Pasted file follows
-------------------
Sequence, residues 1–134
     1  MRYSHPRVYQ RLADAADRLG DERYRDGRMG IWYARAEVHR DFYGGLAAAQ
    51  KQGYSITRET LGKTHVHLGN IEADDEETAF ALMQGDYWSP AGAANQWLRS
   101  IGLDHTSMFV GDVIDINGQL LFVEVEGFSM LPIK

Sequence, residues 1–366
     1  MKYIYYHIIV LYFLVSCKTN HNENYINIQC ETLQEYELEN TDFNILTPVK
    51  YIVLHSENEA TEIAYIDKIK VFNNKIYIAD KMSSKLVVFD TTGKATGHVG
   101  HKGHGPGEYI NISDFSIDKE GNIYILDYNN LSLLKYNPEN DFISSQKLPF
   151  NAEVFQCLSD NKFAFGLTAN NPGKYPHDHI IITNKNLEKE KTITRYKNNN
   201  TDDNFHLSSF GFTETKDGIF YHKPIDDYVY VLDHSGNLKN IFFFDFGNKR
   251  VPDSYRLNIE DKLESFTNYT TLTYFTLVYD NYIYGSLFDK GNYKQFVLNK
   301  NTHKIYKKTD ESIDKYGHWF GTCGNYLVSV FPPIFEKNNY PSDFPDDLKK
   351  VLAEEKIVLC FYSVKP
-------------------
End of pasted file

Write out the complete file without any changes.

Sequence, residues 1–134
     1  MRYSHPRVYQ RLADAADRLG DERYRDGRMG IWYARAEVHR DFYGGLAAAQ
    51  KQGYSITRET LGKTHVHLGN IEADDEETAF ALMQGDYWSP AGAANQWLRS
   101  IGLDHTSMFV GDVIDINGQL LFVEVEGFSM LPIK

Sequence, residues 1–366
     1  MKYIYYHIIV LYFLVSCKTN HNENYINIQC ETLQEYELEN TDFNILTPVK
    51  YIVLHSENEA TEIAYIDKIK VFNNKIYIAD KMSSKLVVFD TTGKATGHVG
   101  HKGHGPGEYI NISDFSIDKE GNIYILDYNN LSLLKYNPEN DFISSQKLPF
   151  NAEVFQCLSD NKFAFGLTAN NPGKYPHDHI IITNKNLEKE KTITRYKNNN
   201  TDDNFHLSSF GFTETKDGIF YHKPIDDYVY VLDHSGNLKN IFFFDFGNKR
   251  VPDSYRLNIE DKLESFTNYT TLTYFTLVYD NYIYGSLFDK GNYKQFVLNK
   301  NTHKIYKKTD ESIDKYGHWF GTCGNYLVSV FPPIFEKNNY PSDFPDDLKK
   351  VLAEEKIVLC FYSVKP